Hebron High School News Online

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Hebron High School News Online

The Hawk Eye

Hebron High School News Online

The Hawk Eye

Sports Scores
Shortstop Haylee Epps hits a ball in area finals. Coaches from Hebron and Lake Highlands opted to make this a single-game playoff as opposed to a three-game series, which the Lady Hawks won 11-4.
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The softball team’s season ended with a loss to Plano West High School in the regional quarterfinals on May 11 in a three-game playoff series.  “The...

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Loss: the fact or process of losing something or someone. A feeling that entered my life with a sense of fear — one I lived every day trying...


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Print Edition

Opinion: Conquering coasters

Caleb Wright
Following my first roller coaster of the night at Six Flags, “Judge Roy Scream” I was relieved to have gotten the warm up out of the way. It was my first roller coaster I have ever been on, but one of the first to cure my fear of the gravity-defying rides.

On a daily basis, far too often, my anxiety gets the best of me. 

That same anxiety crept up on me as I watched the way roller coasters climbed higher. This is one of many reasons that my attempts to face my fears of roller coasters have been to no avail. 

Ever since I could remember, I have been terrified of roller coasters. From their tall drops to the upside down loop-the-loops, I have always been horrified — especially since everyone says the best roller coasters are ones with the biggest drops and most thrillingly fast speeds. 

Additionally, horror stories of accidents occurring on the daunting rides kept me from attempting to face my fears. I know the chances are always very slim for anything terrible to happen, but that lingering fear stayed with me. I imagined that the one time I finally rode any roller coaster, something bad would inevitably happen.

Recently, I have finally conquered those fears through a trip to Six Flags during its Fright Fest event this past weekend. Going into the amusement park, I was void of all emotion as I saw the coasters that had previously terrorized me. I was still a bit nervous approaching my warm up ride of the “Judge Roy Scream,” even though it was one of the tamer rides. But that fear flew away just as the ride went by with its sets of repeated rises and falls.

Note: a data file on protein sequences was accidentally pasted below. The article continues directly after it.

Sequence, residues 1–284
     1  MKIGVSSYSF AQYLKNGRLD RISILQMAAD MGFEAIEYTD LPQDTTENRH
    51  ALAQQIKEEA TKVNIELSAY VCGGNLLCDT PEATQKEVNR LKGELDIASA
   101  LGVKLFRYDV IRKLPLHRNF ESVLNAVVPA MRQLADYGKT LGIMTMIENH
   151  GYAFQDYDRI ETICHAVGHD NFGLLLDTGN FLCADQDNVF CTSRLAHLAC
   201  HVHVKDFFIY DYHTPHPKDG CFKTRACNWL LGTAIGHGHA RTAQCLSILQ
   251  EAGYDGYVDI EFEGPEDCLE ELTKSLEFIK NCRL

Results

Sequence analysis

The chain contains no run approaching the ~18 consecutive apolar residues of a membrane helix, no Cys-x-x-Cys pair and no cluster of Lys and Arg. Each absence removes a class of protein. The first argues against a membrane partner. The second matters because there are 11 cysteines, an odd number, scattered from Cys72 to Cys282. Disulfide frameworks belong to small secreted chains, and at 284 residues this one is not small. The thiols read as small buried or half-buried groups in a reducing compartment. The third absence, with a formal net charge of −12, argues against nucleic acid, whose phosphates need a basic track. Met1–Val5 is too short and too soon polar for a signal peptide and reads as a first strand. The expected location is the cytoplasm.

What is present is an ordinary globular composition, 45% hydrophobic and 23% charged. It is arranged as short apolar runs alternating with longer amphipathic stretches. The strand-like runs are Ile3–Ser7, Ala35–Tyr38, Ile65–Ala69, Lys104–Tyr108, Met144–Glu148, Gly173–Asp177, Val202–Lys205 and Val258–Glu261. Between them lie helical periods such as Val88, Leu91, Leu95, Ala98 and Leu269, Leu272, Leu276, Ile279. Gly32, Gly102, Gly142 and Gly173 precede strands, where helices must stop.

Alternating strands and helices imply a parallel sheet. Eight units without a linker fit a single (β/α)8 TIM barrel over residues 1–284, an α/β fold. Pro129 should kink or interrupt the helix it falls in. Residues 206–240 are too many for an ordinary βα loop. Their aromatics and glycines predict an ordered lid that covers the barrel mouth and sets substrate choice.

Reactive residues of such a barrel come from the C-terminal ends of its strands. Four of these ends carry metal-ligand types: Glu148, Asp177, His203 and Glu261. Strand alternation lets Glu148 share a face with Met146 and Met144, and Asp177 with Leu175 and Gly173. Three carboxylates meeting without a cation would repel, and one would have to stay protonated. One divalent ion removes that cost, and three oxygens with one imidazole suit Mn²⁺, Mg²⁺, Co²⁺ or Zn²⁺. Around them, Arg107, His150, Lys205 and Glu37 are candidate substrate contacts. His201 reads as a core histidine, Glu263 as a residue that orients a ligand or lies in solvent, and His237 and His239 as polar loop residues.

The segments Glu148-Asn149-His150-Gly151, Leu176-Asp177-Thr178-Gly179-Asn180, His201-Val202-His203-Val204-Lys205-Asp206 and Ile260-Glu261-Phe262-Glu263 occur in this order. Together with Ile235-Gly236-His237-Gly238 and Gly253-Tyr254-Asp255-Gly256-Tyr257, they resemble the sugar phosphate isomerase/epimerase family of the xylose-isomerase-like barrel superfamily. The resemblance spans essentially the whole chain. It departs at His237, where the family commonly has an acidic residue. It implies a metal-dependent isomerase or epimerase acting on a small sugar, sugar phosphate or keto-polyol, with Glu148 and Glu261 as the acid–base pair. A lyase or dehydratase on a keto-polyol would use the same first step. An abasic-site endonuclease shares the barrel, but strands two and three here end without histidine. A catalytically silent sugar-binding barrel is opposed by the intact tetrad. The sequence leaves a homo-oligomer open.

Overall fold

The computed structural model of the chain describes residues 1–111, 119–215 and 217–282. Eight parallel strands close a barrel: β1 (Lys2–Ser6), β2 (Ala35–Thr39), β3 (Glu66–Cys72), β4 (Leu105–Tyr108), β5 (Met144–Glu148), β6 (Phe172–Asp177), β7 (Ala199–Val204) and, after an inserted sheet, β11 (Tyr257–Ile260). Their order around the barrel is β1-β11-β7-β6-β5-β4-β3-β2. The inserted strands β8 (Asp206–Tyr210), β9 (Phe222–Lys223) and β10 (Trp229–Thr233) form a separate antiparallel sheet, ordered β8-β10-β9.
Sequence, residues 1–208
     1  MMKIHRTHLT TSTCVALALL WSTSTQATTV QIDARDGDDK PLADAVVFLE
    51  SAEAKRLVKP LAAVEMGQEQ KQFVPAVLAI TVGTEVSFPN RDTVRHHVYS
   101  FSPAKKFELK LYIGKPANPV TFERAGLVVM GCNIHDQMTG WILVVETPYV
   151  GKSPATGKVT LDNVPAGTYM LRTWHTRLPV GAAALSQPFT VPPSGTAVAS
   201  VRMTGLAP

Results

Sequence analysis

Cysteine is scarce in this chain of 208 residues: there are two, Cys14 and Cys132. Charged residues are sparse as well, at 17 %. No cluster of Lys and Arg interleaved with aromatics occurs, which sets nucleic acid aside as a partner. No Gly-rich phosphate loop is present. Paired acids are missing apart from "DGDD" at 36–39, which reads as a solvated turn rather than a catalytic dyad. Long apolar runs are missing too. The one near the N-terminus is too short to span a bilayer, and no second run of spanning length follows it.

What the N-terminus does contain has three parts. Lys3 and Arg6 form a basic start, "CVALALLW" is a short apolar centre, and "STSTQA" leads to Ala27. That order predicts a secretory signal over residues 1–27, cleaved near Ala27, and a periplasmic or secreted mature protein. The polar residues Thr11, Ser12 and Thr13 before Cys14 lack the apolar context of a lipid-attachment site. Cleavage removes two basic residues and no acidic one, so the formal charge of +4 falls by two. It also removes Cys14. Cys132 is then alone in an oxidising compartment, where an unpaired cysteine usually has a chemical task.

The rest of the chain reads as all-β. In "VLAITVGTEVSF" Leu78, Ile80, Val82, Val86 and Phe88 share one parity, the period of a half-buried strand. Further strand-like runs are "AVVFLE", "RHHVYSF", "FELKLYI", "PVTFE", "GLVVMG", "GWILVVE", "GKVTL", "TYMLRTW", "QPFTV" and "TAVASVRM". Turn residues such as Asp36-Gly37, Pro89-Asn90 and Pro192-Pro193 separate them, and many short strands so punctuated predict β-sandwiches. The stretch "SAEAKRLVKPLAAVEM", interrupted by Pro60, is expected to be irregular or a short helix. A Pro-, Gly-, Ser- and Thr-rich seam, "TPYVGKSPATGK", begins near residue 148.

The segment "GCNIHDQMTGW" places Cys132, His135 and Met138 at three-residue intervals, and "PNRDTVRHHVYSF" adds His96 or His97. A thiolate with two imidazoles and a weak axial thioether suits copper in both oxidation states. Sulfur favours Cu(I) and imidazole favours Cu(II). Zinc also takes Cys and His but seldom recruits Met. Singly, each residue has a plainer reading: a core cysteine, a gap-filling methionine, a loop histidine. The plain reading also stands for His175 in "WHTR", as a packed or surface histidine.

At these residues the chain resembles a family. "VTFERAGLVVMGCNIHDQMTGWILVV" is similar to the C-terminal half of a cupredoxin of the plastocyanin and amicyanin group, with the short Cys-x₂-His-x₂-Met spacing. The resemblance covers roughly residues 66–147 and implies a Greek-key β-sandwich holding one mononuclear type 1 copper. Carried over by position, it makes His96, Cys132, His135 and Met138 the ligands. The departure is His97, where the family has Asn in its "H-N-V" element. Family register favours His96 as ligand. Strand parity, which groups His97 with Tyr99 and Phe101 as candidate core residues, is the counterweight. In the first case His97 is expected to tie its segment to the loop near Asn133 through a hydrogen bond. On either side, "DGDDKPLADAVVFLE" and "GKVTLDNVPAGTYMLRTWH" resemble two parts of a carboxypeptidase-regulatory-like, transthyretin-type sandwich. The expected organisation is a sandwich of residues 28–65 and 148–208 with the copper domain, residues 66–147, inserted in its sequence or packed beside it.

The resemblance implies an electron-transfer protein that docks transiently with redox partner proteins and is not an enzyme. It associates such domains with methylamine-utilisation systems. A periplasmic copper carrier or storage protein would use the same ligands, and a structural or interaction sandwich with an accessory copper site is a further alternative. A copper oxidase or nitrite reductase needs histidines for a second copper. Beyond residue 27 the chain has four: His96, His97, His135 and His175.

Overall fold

Though that was only the warm up ride, the real challenge was still yet to come. I only had time for one more ride. That last ride was “The Batman,” one of the “scariest” rides at the park. Waiting in the line heightened my worries, but also my excitement to finally deal with the fear. 

The shoulder restraints locked me into my seat. Then, the ride took off as my heart started racing for the thrills I was about to experience. It ended as quick as it started and, to my surprise, I was fine. 

The realization of all those fears being in my head was one of the greatest reliefs I have experienced in a long while. In the end, it left me wanting to ride the next big, scary ride at the park and to get an even greater thrill than the last. 

Just as all the anxiety built up on the rise, it finally disappeared —  just like the fall. Maybe that anxiety in my head was simply a challenge waiting for me to overcome it, and like the roller coasters, much of my anxiety is waiting to be overcome. From the stresses of failing to the struggles of not being good enough, I need to face them, just like how I finally rode a roller coaster, to overcome those ideas haunting my mind.

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About the Contributor
Caleb Wright
Caleb Wright, Sports editor
Senior Caleb Wright is the sports editor and this is his third year on staff. He enjoys driving his 2011 Volkswagen and studying investing and trading.

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